It has been a “great year for revivals in general – especially that one they’re reviving in Washington D.C.” Colbert began. “It started way off Broadway, in the 80’s, on 5th Avenue. Huge production values. Couple problems: the main character is totally unbelievable. And hair and makeup – jeesh! No!”
The D.C. production, Colbert noted of President Trump’s White House, “is supposed to have a four-year run, but reviews have not been kind. Could close early.”
CBS’s Late Show star added that Miss Saigon “the only pageant whose locker room our president hasn’t walked in on.”
Kevin Spacey, despite being best known these days as dastardly Francis Underwood in dystopian political drama House of Cards, eschewed politics in favor of well-received self-effacing humor in his opening as trophy-show host. Later in the ceremony, however, Spacey definitely mocked Trump – unless he was bashing CNN – when paid tribute to James Earl Jones, who in the audience, nothing he’s the voice of CNN and gave us the line, “This is CNN: The most trusted name in Fake News.” Still later, Spacey impersonated former President Bill Clinton, joking about Hillary’s fake email accounts, and observing, “We already had some surprising winners haven’t we? I’m not even talking about the Tony Awards.”
Colbert wasn’t alone in trashing Trump.
Cynthia Nixon, accepting her Tony for her role in Lillian Hellman’s Little Foxes, told viewers “It is a privilege to appear in Lillian Hellman’s eerily prescient play at this specific moment in history. Eighty years ago she wrote: ‘There are people who eat the earth and eat all the people on it, and other people who just stand around and watch them do it.’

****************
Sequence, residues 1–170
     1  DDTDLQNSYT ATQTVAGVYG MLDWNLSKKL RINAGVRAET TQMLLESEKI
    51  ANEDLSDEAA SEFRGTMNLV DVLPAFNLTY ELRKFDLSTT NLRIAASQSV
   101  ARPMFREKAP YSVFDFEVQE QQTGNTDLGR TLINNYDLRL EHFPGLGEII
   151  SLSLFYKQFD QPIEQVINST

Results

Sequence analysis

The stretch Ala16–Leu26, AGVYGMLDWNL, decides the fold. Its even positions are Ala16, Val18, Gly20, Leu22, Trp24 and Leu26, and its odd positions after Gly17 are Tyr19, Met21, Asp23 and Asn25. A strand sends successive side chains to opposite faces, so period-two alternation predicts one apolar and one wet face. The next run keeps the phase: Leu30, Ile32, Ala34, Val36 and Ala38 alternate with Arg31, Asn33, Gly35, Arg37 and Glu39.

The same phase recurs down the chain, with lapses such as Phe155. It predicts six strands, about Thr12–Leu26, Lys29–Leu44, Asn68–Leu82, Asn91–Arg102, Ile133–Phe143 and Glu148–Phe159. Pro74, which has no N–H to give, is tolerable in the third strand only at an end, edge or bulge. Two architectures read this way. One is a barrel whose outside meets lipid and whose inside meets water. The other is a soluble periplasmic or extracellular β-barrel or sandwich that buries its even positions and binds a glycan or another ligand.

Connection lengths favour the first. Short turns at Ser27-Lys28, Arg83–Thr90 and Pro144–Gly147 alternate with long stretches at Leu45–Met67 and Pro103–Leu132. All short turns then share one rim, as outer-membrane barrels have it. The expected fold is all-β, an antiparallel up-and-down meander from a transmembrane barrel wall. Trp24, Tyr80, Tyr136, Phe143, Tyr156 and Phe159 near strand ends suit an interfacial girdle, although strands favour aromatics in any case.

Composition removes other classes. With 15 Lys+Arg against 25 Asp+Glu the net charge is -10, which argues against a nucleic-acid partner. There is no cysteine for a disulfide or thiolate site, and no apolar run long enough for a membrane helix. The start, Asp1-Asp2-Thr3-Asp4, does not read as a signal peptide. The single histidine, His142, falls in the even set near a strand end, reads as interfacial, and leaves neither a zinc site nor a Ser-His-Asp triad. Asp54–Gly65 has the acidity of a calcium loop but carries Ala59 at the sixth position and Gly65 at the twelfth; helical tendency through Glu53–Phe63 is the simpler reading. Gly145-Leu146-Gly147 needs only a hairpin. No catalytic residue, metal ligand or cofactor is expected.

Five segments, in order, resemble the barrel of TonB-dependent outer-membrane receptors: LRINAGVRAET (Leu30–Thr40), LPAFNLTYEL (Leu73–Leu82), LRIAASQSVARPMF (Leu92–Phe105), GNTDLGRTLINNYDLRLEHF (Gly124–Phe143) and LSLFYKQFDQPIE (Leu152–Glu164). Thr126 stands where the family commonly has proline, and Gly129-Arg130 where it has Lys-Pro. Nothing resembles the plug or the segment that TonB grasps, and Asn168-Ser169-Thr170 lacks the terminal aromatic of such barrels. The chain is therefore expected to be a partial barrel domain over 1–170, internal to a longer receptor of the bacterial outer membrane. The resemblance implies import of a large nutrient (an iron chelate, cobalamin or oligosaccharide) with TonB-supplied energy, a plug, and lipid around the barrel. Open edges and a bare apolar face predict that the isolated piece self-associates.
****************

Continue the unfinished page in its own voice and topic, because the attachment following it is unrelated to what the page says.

“My love, my gratitude and my undying respect go out to all the people in 2017 who are refusing to just stand and watch them do it.”
Sally Fields told viewers this year marks the 100th birthday of the American Theatre Wing, adding, “Born in perilous times, the [American Theatre] Wing, in its next century, will do what it has always done: illuminate the darkness with the blazing truth of art.”
Kevin Kline, accepting his Tony for his lead role in Present Laughter, made a point of ending his speech with: “I would like to thank a couple of organizations without whom probably half of the people in this room would not be here. That would be the National Endowment for the Arts and the National Endowment for the Humanities.” Trump’s proposed budget calls for elimination of both.
The audience also made a statement of sorts when they gave Jill Biden what may have been the biggest applause of the night, and a standing ovation, as she introduced a performance from Bandstand. Her husband, Veep Joe Biden was in the audience, and cameras cut to him throughout the night.
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